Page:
Venturing on to the Bramble Bump

If you are local to the Woodinville area, you may have driven the winding road through the tress up the hill from Chateau Ste. Michelle and thought that it was undeveloped land, just waiting for some developer to rip it all out and build a neighborhood of Merlot McMansions.  I know I did.  Until Wednesday.

Earlier this week, I took the leap of faith and made the only left turn on that stretch of road.  I did not drive off into a forested ditch, but up onto a spot known as the Bramble Bump.  And there among the mature trees and fairy lights is a lovely, secluded winery with some seriously cool doors – JM Cellars.

I work for a large technology company that has a fantastic culture of giving. Every October there is online auction with interesting experiences and things.  Last Fall, I won a slot to make wine with our executive leadership team.  While the opportunity to have face time with our executives was very valuable and a lot of fun, my favorite part of the event was to meet John Bigelow and learn about his wine.

With all love and respect, John Bigelow is a wine nerd.

He shared the history of the area (um, did you know about the ghost of the brothel Madame that haunts the upper floors of the Ste. Michelle Manor house?), some details of their beautiful property (they have five of the tallest trees of their kind in the state), and his love for his vineyards.  He described Margaret’s Vineyard (the M of JM) and his 2,716 vines there (I hope I got that number right).  The bold second year cutting to the ground of their vines to drive the roots deep into the broken basalt for minerality in the fruit.  The way he personally trains his team each harvest with exacting demands on what qualities are needed in a cluster to pass muster for his wine and what is dropped to the ground in the vineyard benefitting the soil for the future.  Here is a guy who is in it from dirt to vine to table.  He is my kind of dude.

He gave us a tour and bragged on his wife’s design skills in making it a beautiful place.  She is Peggy, the Margaret of Margaret’s Vineyard.  I too appreciated the design details of the winery.  It was like I had stumbled into a secret garden, just like the book I loved when I was little.

The lovely setting, the stellar Bordeaux-style reds and the perfect summer Cinsault Rose of JM Cellars make it a place I intend to visit more often.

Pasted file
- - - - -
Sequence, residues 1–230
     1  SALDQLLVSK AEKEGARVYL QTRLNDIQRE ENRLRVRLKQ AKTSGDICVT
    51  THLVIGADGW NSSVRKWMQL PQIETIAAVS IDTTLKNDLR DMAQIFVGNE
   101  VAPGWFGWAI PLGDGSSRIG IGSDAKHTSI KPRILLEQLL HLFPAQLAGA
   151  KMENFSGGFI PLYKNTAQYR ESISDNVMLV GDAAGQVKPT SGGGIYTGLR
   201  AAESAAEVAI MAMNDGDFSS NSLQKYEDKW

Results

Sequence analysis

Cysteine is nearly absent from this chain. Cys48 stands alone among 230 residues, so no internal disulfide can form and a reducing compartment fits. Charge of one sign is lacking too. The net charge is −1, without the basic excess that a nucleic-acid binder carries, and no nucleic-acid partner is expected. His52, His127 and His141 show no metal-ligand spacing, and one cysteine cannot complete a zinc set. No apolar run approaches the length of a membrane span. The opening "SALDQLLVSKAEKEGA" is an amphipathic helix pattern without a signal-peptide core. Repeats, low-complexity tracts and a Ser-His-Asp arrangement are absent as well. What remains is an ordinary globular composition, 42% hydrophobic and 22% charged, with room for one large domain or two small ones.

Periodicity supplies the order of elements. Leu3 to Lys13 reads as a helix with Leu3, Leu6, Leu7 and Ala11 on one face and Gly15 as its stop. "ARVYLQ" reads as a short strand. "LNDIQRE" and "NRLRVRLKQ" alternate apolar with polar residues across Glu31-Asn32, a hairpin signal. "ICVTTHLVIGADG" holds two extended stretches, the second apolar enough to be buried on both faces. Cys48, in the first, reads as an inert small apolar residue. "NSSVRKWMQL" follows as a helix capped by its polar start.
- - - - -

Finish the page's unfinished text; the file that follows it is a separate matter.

If you want to experience it for yourself, the tasting room is open Friday, Saturday and Sunday from 11:00 a.m. to 4:00 p.m.  Here is where you can find the details.  Enjoy!

It is true. My inbox is overrun with messages about wine. I now have two folders for wine. One for clubs I belong to so I can track shipments, offers and events. The other one is for everything else of wine interest likes apps, magazines, and other wine clubs to which I do not belong – yet.

To add further to the nerdery, I also have a OneNote to track our wine club memberships and a spreadsheet that budgets out when the bottles are coming throughout the year and the budget to keep ’em coming.

Wineaversary 2008: My Weekend Wine Nerd Origin Story

While a proud Pacific Northwest native now living quite close to Woodinville Wine Country, my Weekend Wine Nerd origin story begins back in 2008 on my 10th wedding anniversary.

My mom always taught us that life is what you make it, and you should make it pretty awesome. So I looked for a memorable trip to mark our ten years of legally wedded bliss. Armed only with the knowledge our local Fred Meyer’s wine buyer could spare me on a Saturday afternoon, I decided that eastern Washington, where the grapes are grown in the desert climes would be the spot. We could relax in the sun, have some nice meals, go to the spa, escape our children and maybe drink some wine.

We spent five lovely days snug in our little Cliff House at Cave B. It was gorgeous. It was relaxing. It was quiet.

Gorgeous. Beautiful. Wish you were here.
Gorgeous. Beautiful. Wish you were here.

And then we got bored.

On Day 3 we were ready for an adventure so we decided to drive the 2 hours to Walla Walla where we had heard there was some wineries. We had no idea what we were doing.

Our first stop was Three Rivers Winery.  This is wine we knew. The tasting room was big and lovely. We tasted. We liked. We joined the wine club. Hey, this could be fun.

We were familiar with Dunham Cellars, so we went in search of them. Housed in a funky old WWII era airplane hanger with a wine maker who also created custom art for the labels. Tasted. Liked. Joined. And realized that not only is wine yummy, it all has an interesting story.

While we were over in the industrial district by the airport, we looked for Tamarack Cellars. We had enjoyed their Firehouse Red. Unfortunately, they were closed.

At this point in the day, we had exhausted our winery knowledge. So sad.

I don’t know how, but we stumbled across Isenhower Cellars. Glad we did. The Indian Paintbrush was memorable and the Bachelor Button reminded me of gardening with my mom when I was young. More stories about the names of the wines and the family that makes them. I was hooked. Don’t know if it was my curiosity or flat out nosiness. If I like a wine, I want to know why I like it. Backstory adds to the enjoyment.

Then on to the lovely grounds of the Northstar Winery. We drank, we learned, we liked, we joined and we are still members to this day. I know they are known for their Merlot, but I always give a little “squeeee” when there is a Petit Verdot in my shipment

It was a fun day spent together exploring something new that we both enjoy. We came home with a case of wine and felt a bit more comfortable picking wine out at the grocery store.  Like Spiderman, I had been bit by the nuclear spider but I had yet to understand my powers and wield them for good.  The full-blown nerdery was yet to come.